Paul Lesko’s “Law of Cards” columns have been a useful guidepost for sports collectors for several years. As an attorney who has litigated intellectual properties for more than 15 years, the Missouri resident knows a thing or two about trademarks, copyrights and lawsuits. And there have been plenty involving card companies.
But there’s one lawsuit Lesko won’t be writing about. And that’s because he’s the one filing the legal documents.
On August 26, Lesko filed a class action petition in the Circuit Court of Jefferson County, Missouri, against the Topps Company. Lesko alleges in the 21-page document that Topps, through its Topps Now product line, offered a specific card for sale but refused to provide it to its purchasers. Lesko is seeking damages not to exceed $4,999,999 and attorney fees, according to court documents.
At issue is what Lesko thought he was buying on July 20: a Pittsburgh Pirates card announcing that “John Harrison trots home after triple & error for walk-off W.” The card references Harrison’s leadoff triple to center field off Tyler Thornburg on July 19 that became the game-winning run in Pittsburgh’s 3-2 victory against Milwaukee when Scooter Gennett made a throwing error. Here’s the snag: there is no John Harrison. As dedicated baseball fans know, the second baseman’s correct name is Josh Harrison.
Lesko, a playful sort who loves collecting error cards, immediately purchased a copy of Card No. 264 (Harrison) for Topps’ standard price of $9.99. He claims it was the first misprint in the Topps Now series, an on-demand trading card product where specific cards are offered during a 24-hour period to the public. These cards highlight a player who had a big night, reached a milestone or achieved a baseball rarity (such as a no-hitter, for example).
According to court documents, Topps corrected the error four hours after the sale began in an unannounced move, substituting a “Josh” Harrison card for the “John” Harrison version.
That’s not the card Lesko wanted, and he contacted Topps’ customer service via email. Topps told Lesko he would not be getting the “John” Harrison card; after trying to sort it out with the card company’s legal department and mentioning his situation on Twitter, Lesko decided to file suit.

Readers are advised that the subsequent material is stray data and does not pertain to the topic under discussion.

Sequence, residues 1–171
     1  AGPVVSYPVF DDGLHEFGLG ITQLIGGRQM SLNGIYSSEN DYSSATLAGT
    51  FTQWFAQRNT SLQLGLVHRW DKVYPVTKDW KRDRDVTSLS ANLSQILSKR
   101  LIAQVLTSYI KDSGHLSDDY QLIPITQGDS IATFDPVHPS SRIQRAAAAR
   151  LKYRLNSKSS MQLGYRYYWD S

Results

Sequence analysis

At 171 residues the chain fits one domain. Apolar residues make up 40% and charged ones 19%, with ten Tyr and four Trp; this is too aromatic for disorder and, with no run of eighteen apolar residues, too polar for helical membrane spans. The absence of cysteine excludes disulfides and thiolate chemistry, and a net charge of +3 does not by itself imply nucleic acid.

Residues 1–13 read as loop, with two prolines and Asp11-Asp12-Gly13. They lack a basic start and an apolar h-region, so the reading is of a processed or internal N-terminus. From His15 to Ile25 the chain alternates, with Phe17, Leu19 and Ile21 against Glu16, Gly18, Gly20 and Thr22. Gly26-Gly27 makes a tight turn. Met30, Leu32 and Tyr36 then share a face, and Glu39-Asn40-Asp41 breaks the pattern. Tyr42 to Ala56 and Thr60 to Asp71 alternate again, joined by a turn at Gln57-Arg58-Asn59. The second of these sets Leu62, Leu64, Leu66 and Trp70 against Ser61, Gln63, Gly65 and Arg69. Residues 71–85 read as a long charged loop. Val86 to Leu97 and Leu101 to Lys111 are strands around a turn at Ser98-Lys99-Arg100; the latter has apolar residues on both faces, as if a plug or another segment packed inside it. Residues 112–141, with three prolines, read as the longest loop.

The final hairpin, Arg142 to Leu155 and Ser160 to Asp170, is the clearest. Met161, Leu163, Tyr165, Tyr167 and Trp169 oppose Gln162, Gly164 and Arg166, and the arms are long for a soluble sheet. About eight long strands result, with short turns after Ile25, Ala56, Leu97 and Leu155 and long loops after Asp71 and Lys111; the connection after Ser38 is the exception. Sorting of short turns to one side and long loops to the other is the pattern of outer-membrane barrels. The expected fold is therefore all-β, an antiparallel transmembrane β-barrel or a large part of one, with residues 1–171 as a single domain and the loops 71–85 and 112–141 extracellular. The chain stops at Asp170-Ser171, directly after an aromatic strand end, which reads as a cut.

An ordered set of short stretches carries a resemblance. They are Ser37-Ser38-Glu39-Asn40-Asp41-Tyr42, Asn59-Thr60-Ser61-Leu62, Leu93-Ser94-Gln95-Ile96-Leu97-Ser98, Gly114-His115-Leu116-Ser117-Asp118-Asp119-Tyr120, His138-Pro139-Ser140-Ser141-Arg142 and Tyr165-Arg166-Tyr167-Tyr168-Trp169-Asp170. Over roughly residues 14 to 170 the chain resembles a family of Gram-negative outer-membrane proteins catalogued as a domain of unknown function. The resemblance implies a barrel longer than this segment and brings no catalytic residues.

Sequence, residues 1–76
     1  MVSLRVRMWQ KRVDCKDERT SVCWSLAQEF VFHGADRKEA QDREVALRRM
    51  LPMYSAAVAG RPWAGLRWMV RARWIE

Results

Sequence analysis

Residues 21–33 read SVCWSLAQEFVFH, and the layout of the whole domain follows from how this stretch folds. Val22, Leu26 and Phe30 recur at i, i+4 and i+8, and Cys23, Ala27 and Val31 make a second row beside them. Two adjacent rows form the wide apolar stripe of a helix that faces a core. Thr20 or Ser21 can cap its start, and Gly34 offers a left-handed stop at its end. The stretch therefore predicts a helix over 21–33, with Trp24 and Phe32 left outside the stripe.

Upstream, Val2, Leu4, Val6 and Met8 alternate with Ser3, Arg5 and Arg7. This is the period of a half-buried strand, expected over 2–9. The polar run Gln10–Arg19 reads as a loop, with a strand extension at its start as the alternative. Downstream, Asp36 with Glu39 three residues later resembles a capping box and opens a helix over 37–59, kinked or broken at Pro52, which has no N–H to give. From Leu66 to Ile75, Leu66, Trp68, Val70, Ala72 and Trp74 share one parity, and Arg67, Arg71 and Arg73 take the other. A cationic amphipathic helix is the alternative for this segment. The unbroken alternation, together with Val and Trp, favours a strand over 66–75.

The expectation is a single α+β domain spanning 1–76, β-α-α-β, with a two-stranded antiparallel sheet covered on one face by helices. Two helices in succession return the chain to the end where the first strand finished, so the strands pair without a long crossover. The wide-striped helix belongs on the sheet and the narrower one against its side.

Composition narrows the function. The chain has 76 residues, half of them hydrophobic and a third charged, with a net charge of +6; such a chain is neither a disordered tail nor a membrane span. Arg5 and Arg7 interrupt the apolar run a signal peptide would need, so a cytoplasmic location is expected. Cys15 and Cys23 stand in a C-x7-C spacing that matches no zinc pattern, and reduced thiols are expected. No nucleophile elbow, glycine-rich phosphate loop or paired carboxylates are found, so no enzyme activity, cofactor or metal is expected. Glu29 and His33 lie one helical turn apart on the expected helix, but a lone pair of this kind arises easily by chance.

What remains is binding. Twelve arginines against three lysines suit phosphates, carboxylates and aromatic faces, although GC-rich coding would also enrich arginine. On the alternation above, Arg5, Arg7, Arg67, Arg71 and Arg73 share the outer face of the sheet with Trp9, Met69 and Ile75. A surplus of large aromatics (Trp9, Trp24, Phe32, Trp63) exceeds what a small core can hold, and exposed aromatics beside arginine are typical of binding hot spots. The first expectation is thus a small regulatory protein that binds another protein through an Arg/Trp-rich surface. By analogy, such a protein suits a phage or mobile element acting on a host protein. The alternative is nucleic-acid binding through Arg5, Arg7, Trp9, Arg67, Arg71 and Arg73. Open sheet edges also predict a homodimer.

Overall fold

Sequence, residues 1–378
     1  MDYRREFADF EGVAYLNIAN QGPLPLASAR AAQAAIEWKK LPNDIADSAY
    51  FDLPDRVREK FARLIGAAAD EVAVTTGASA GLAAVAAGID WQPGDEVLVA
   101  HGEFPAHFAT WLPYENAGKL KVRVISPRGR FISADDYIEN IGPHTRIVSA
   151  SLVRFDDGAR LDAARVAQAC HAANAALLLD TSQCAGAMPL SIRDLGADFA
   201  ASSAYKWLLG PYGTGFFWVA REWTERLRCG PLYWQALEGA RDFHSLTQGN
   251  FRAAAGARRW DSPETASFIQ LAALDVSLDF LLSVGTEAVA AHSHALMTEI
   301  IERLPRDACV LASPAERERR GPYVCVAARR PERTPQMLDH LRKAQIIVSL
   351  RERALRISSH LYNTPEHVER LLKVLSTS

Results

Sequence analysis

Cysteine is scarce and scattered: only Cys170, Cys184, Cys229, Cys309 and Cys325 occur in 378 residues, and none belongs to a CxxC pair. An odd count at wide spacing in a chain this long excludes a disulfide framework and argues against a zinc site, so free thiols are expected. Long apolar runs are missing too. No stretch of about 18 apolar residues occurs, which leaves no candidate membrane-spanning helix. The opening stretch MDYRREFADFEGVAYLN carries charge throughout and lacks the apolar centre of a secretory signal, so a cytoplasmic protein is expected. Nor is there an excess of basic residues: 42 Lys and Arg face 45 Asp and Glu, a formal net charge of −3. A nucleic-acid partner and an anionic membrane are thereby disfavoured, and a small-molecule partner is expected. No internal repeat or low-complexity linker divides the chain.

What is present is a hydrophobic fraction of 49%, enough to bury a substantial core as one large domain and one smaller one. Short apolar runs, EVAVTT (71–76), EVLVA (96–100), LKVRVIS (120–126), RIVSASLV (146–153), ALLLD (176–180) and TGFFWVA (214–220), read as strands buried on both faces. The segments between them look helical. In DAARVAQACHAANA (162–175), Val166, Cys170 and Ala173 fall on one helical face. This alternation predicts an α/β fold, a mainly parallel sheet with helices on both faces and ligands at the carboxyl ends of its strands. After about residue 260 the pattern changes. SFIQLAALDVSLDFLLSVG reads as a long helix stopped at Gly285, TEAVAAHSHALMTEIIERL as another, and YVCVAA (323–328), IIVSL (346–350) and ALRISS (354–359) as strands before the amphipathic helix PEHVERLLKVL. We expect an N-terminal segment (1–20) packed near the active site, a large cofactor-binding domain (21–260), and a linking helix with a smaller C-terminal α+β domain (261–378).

Predictably, neither side is talking about the litigation.
“Pains me to take my own advice, but I can’t really comment on the suit,” Lesko said via direct message on Twitter. “Not my forte keeping my opinions to myself.
“But it should be apparent from the filing (I hope) that the goal is to get me, and everyone who ordered a ‘John’ card the option to get the card they ordered.”
In an interview with the website Courthouse News Service, Lesko’s attorney Brandon Wise characterized the transaction as a “bait and switch.”
“It’s kind of sad that it’s gotten to the point where we had to file a lawsuit,” Wise said. “But if you think about it, it’s kind of a bait and switch, where Topps offered to sell one thing and then delivered another.”
Topps has not commented on the lawsuit but one could reasonably expect they will argue the mistake is simply in the promotional image. Lesko’s suit says Topps added a line stating “not responsible for typographic/printing errors” to its NOW order pages after he tried to get them to send a John Harrison card.
“Upon information and belief, to this day, Topps has not addressed this issue with the purchasers of the Topps Now card No. 264,” Lesko claims in his lawsuit.
Lesko, a St. Louis Cardinals fan, said his error card collection to a true collector is “likely uninteresting.”
“But I find that non-collectors respond to it well,” he said.
His favorites are cards of Jordan Swagerty — a Cardinals prospect — whose autograph cards in the 2010 Donruss Elite Extra Edition Baseball set carry stickers actually signed by pro basketball Hall of Famer Magic Johnson. Due to a production error, eight different types of cards include Magic-signed stickers.
“And of course, the Billy Ripken (error) card,” Lesko said, referencing the 1989 Fleer card that showed Ripken holding a bat that had an obscenity scrawled on the handle.
Lesko was hoping to add “John” Harrison to his collection. It’s now up to the legal process to determine whether he will.